Europe - more climate talk than walk

Activists entered a heavily guarded EU summit to tell European leaders to boost their climate commitments to save a climate summit in Copenhagen.

The EU likes to present its climate policies as a model for global green development. In fact, its current target - to reduce carbon emissions by 20 percent by 2020 against 1990 levels - is shamefully unambitious and fails to provide an incentive for action or technological innovation. Having made over 17 percent reductions by 2009, the EU has years to make just a few percent reductions, a target it will meet under a business as usual scenario.

Greenpeace is calling on the EU to increase its domestic climate target to 30 percent as a first step. There are strong environmental and economic arguments for doing so. A study by Oxford and Sorbonne Universities, among others, found that a 30 percent target could create a net six million new European jobs by 2020. Shifting away from fossil fuels will help shield Europe’s economies from ever unstable fuel prices. These are among the reasons why Unilever, Philips, Google and Axa are among nearly 100 major companies now calling on EU governments to support a 30 percent climate target.

Less developed parts of the EU, particularly Central and Eastern Europe, can unlock significant investments in carbon reduction and energy modernisation under a 30 percent climate target. To achieve this, the EU should create financial mechanisms for this region to mobilise private investment in, for example, buildings renovation, industrial energy efficiency and energy infrastructure programmes. This would deliver fuel cost savings, energy security and new jobs.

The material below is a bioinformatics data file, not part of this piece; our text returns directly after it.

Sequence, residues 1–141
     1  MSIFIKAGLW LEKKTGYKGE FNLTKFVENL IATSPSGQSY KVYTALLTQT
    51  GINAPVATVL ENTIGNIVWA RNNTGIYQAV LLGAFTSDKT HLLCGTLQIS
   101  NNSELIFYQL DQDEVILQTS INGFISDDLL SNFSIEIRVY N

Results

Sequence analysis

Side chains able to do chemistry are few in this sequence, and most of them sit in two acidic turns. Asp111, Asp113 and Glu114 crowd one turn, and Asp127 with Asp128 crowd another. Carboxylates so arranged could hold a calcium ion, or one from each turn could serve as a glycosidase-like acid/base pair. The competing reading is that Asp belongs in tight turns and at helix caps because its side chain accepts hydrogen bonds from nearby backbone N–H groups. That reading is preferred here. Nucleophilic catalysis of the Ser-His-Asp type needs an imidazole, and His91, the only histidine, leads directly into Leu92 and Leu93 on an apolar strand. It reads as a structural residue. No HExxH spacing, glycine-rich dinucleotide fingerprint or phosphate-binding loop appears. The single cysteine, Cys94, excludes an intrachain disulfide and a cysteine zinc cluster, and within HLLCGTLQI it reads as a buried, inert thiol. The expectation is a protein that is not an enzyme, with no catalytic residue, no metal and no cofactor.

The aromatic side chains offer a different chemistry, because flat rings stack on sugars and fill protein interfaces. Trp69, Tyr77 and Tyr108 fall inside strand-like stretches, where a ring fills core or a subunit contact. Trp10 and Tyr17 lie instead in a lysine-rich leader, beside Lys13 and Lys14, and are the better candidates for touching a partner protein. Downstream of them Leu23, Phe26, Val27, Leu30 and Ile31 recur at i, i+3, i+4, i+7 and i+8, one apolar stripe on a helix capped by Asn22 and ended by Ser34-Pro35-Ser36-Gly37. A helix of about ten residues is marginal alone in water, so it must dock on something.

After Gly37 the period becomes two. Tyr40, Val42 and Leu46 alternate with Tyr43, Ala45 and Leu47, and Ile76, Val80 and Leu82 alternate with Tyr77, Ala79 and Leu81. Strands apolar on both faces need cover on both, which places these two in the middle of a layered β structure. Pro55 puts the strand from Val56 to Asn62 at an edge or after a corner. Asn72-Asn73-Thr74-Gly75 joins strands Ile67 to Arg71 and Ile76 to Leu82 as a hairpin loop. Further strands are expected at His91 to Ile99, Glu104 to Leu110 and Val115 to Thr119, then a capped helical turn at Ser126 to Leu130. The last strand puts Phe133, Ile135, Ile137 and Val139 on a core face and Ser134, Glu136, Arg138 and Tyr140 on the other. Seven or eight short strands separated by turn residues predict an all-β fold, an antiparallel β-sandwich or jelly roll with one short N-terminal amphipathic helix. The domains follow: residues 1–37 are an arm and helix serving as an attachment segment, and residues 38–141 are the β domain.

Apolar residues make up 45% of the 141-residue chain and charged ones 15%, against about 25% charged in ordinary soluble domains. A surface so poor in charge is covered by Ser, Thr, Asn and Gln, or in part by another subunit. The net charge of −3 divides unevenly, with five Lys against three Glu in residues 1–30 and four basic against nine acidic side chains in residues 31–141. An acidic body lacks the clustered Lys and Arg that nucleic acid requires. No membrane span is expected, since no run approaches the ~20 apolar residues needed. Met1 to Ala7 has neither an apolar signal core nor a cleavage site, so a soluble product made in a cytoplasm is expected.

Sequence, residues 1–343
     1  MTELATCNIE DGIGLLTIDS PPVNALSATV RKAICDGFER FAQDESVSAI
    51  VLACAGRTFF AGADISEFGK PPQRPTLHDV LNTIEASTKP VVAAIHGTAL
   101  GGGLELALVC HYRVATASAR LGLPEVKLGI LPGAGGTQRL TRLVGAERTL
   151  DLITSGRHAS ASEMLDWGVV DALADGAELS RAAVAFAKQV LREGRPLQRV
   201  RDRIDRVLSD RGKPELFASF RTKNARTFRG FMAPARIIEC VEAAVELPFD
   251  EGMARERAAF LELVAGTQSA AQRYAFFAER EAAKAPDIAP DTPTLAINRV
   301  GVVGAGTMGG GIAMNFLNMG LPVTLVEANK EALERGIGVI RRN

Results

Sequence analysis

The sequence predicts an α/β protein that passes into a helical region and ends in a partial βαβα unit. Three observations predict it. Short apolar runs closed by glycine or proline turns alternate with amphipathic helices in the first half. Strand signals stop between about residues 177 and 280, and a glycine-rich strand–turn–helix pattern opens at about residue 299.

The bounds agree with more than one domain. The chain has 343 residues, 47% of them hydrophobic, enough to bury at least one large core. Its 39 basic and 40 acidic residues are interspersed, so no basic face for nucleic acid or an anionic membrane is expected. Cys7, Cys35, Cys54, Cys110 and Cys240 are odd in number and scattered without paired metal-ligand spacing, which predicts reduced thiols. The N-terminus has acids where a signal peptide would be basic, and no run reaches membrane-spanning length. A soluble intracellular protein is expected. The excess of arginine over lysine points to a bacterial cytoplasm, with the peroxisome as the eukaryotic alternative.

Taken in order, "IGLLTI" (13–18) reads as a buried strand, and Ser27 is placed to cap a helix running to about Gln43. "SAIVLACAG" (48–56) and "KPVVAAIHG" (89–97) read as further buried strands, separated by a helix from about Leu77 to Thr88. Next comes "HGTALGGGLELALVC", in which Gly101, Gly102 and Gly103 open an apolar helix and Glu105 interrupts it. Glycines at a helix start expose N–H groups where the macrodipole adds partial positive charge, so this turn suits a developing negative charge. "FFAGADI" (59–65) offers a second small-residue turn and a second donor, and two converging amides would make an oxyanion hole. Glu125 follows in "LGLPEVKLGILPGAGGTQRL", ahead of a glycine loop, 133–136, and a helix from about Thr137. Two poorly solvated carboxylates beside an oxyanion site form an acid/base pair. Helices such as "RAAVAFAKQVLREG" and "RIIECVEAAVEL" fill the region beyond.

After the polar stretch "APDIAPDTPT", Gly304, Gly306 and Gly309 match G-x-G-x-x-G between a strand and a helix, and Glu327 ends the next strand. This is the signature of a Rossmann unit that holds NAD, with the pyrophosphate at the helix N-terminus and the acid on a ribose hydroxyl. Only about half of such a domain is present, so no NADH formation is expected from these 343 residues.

Greenpeace advocates strengthening the EU Emissions Trading Scheme, which threatens to worsen rather than resolve Europe’s emissions. The EU should auction rather than give out free emission allowances, working within the market system to efficiently reduce the cost of climate action, maximise benefits and eliminate windfall profits. The scheme could and should be a driver for domestic emission reductions, geared to a 30 percent climate target. Any ‘carbon offset’ projects should be subject to strict criteria to guarantee real emissions cuts.

Internationally, the EU should be at the heart of a coalition to deliver a new international climate regime in the next years. This requires effective cooperation with progressive industrialised countries and emerging economies within and beyond the UN climate negotiations.


EU leadership could deliver headlines we would all be proud about

The latest updates


Why carbon capture and storage won't save the climate

Publication | October 6, 2008 at 0:00

French Presidency prepares to crash EU car emissions law

Press release | September 30, 2008 at 0:00

Brussels, Belgium — The French Presidency is giving up any pretence of trying to limit the climate impact of cars, said Greenpeace today following the revelation of France’s proposal ahead of a Council working group meeting on car emissions...

European Parliament wards off disaster on car emissions legislation

Press release | September 25, 2008 at 0:00

Brussels, Belgium — In a surprising turn of events at the European Parliament today, MEPs from the environment committee have backed legislation to reduce the impact of cars on the climate.

Cars and CO2 – a ‘loopholes lexicon’ - Background briefing

Publication | September 24, 2008 at 0:00

This Thursday, 25 September, the Parliament’s environment committee will cast its vote on the EU’s first ever legally binding CO2 emission standard for new cars. There is a substantial risk that, ceding to heavy industry pressure, the committee...

Industry committe MEPs not interested in tackling dangerous climate change

Press release | September 22, 2008 at 0:00

Brussels, Belgium — Climate Action Network Europe, Friends of the Earth Europe, Greenpeace and WWF have heavily criticized the outcome of today's vote by the European Parliament’s industry (ITRE)committee on ‘effort sharing’ .

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